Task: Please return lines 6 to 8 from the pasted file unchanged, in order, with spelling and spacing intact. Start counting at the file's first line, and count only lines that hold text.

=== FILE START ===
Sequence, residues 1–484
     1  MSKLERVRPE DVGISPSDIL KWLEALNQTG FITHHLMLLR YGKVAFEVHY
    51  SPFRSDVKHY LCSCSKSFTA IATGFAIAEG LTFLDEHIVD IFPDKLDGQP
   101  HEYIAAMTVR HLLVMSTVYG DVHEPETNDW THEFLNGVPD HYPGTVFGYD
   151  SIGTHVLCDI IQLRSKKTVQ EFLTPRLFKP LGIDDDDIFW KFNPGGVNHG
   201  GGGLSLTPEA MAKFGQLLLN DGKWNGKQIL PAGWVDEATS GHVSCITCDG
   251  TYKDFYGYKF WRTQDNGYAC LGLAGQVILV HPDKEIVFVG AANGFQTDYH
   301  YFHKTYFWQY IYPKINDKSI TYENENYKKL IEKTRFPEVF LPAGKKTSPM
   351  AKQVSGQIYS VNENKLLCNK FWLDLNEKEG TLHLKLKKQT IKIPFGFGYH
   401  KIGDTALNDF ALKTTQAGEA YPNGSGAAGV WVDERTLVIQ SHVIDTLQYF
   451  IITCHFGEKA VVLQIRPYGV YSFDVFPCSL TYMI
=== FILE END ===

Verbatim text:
   201  GGGLSLTPEA MAKFGQLLLN DGKWNGKQIL PAGWVDEATS GHVSCITCDG
   251  TYKDFYGYKF WRTQDNGYAC LGLAGQVILV HPDKEIVFVG AANGFQTDYH
   301  YFHKTYFWQY IYPKINDKSI TYENENYKKL IEKTRFPEVF LPAGKKTSPM